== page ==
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21 Mar 2019 | Gender in Koshi

Transforming gender and social perceptions in the brick industry

Luja Mathema & Sugat Bajracharya

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A female brick worker molds bricks in Dhading Picture By: Luja Mathema

With rapid urbanization and demand for construction materials in Nepal, brick kilns have proliferated across the country, providing livelihoods to an ever-increasing workforce. However, women labourers’ role is limited to more menial tasks and their scope for growth within the male-dominated industry is highly restricted. As the brick industry grows, so does its responsibility not only towards improving the air qual ity standards but also helping women in the industry grow and become economically independent.

The International Centre for Integrated Mountain Development (ICIMOD) launched the Clean Brick Initiative in 2014 primarily to address pollution from brick kilns, but also to study the social component of brick production to understand the gender and socioeconomic aspects of the labourers’ working and living conditions. The initiative aims to initiate conversation and influence policy on the role and working conditions of vulnerable workers – especially women in the brick industry – helping entrepreneurs understand their responsibilities and social costs rather than just economic costs and benefits. Accordingly, a rapid gender need assessment (RGNA) involving group and individual discussions with workers, owners, and naikes (middle-persons) in the industry was conducted in 2018 across five provinces in Nepal: Biratnagar, Rautahat, Dhading, Rupandehi, and Kanchanpur. The RGNA’s findings highlighted the way forward to address the disparity in gender-wise division of labour in brick production.

There have been clear improvements in technology and pollution reduction in brick kilns in the five provinces assessed, but it has been difficult to bring about tangible changes in the working conditions and uneven labour division. No female brick entrepreneurs were involved in the gender and socioeconomic interventions, and to our knowledge there are only two female entrepreneurs in the brick industry. Men dominate the jobs considered to require more skills, such as fire-persons, stackers, animal owners, naikes, and managers. Women were assigned only menial tasks such as moulding and transporting because of cultural and social norms prevalent in South Asia. Firstly, these jobs permit flexible hours, which allows women to fulfill their expected household responsibilities. Secondly, tasks such as stacking and fire-persons are considered too dangerous and strenuous for women as they are high-risk activities in high temperatures. In one group discussion in Rautahat, menstruation was also raised as a reason why women are barred from working as fire-persons, given the social stigma around women’s menstruation. This indicated a clear cultural barrier for women to develop their skills and progress in the brick industry’s labour hierarchy. Along Nepal’s southern border, many kilns have exclusively male workforces as it is acceptable for men to migrate without their families.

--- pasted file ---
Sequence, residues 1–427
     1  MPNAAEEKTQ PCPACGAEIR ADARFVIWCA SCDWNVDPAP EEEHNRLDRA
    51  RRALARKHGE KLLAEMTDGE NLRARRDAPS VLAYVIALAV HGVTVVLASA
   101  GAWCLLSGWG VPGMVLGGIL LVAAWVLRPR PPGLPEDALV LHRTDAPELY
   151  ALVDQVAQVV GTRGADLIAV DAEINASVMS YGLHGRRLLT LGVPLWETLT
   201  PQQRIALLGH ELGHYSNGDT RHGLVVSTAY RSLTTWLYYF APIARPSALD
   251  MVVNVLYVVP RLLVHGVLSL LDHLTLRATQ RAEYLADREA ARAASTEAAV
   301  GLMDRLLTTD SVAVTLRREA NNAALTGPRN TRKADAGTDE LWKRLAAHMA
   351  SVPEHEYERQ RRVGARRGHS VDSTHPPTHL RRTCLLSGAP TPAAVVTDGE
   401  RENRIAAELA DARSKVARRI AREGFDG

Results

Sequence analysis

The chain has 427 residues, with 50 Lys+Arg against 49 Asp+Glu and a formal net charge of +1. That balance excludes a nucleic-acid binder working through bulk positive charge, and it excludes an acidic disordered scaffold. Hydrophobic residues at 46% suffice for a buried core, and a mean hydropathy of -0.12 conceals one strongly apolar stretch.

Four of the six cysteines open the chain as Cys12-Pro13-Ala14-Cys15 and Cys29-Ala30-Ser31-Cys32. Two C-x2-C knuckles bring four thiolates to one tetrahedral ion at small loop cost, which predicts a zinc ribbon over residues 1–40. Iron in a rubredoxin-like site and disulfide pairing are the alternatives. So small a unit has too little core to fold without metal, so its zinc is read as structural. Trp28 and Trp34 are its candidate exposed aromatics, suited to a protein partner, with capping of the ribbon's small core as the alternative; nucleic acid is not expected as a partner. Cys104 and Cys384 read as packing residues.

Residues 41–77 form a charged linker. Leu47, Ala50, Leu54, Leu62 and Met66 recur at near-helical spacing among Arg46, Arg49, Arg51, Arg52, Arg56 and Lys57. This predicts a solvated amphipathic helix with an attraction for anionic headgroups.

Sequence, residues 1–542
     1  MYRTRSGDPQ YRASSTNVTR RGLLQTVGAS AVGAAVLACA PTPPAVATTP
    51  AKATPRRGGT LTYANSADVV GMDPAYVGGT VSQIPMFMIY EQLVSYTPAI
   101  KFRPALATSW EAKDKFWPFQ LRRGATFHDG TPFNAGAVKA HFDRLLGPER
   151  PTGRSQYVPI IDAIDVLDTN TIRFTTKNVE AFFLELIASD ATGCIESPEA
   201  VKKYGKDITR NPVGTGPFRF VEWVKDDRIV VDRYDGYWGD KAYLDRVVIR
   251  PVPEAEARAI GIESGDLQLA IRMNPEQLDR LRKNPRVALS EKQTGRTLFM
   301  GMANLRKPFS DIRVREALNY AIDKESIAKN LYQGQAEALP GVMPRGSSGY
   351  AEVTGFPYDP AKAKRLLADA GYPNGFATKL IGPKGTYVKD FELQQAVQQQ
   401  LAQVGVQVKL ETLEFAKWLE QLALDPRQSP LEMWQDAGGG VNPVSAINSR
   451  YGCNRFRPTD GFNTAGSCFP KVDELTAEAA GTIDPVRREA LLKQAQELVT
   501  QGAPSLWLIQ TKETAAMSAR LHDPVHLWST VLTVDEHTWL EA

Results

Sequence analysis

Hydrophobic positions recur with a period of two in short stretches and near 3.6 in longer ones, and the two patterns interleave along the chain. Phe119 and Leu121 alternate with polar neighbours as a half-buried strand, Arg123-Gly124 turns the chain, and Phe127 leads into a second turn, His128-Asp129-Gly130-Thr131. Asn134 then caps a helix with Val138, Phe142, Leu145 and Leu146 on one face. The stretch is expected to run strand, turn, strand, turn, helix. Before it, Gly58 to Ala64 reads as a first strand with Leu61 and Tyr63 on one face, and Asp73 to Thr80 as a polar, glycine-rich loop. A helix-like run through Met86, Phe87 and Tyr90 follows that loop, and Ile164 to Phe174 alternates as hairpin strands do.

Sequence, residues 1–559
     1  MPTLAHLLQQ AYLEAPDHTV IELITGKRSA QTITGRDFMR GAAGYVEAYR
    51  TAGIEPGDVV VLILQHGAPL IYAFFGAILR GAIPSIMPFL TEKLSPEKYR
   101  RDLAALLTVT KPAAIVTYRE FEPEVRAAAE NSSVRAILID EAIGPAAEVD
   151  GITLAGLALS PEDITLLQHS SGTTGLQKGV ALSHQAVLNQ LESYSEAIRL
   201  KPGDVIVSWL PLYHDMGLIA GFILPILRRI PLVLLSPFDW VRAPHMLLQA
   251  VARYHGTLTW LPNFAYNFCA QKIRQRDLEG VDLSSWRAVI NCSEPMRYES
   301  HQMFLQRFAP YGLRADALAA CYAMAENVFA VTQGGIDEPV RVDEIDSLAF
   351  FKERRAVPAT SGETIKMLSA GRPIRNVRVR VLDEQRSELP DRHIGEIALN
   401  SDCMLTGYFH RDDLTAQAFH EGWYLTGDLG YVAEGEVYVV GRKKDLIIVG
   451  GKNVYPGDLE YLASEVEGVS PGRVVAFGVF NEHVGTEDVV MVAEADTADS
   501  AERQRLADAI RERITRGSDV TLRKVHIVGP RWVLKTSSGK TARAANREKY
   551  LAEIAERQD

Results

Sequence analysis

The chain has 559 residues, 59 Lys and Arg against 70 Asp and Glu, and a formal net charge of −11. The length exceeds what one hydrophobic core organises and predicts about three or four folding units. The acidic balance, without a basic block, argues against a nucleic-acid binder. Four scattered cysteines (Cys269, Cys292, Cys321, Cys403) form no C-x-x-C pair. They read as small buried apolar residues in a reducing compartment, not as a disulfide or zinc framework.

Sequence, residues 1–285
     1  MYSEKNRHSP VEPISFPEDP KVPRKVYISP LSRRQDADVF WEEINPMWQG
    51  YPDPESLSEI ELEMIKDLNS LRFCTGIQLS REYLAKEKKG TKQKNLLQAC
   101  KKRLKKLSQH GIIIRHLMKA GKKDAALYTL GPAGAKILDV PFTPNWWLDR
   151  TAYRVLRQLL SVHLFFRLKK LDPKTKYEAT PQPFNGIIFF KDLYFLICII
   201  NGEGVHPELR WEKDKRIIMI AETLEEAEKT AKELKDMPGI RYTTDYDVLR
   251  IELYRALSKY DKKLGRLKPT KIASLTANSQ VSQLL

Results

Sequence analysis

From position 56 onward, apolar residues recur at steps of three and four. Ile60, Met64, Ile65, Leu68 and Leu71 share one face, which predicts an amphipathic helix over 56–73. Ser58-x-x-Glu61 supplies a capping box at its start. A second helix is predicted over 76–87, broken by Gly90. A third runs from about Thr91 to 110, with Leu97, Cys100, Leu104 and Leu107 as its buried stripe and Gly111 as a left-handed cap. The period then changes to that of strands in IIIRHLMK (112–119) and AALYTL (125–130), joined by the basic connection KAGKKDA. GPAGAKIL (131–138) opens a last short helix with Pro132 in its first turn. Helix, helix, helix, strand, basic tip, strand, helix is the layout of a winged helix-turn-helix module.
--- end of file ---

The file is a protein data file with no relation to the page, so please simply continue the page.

During the initial stages of the social component, there were heated discussions where brick kiln owners were quite resistant to the interventions proposed by the ICIMOD team on the improvement of settlements, workplace hygiene, market access, healthcare access, education, and childcare access for individuals and families who migrate seasonally to work in the kilns. The main concerns of workers were related to major health risks: drudgery and exposure to dust. Additionally, the RGNA also highlighted the lack of proper hygiene and sanitation in many kilns and the lack of awareness about certain health risks, especially for pregnant women. Discussions took a dissentious turn when one individual felt the team was demanding too much from brick kiln owners, stating that they cannot provide for their workers in the same way they do for their family. This initial resistance was difficult to overcome, but their understanding and support was crucial for any substantial changes to be initiated. Despite the complications, the ICIMOD team was able to build consensus with the district association members and brick entrepreneurs through dialogue, discussion, and trust building.

Consequently, there have been positive changes in the brick industry over the last year, with the Federation of Nepal Brick Industries (FNBI), district associations, and brick entrepreneurs demonstrating their receptiveness to the gender and social interventions developed through the RGNA. Their push for gender and social changes in the industry was apparent during our field visit to far-west Nepal in February 2019, when we observed women crushing coal and stacking raw bricks. This was a very surprising development, as these used to be tasks usually reserved for men. This was the first time we saw women working outside their conventional role as moulders and transporters in the brick-processing chain. The FNBI and district associations have welcomed a number of interventions, which include: education and daycare center for brick workers’ children; financial literacy awareness for workers, especially female workers; and awareness materials on water- and air-borne diseases, hygiene and sanitation, and women’s health. The FNBI is also keen to establish a social unit within its organization to improve the brick industry through the preparation of a social code of conduct in collaboration with MinErgy and ICIMOD.

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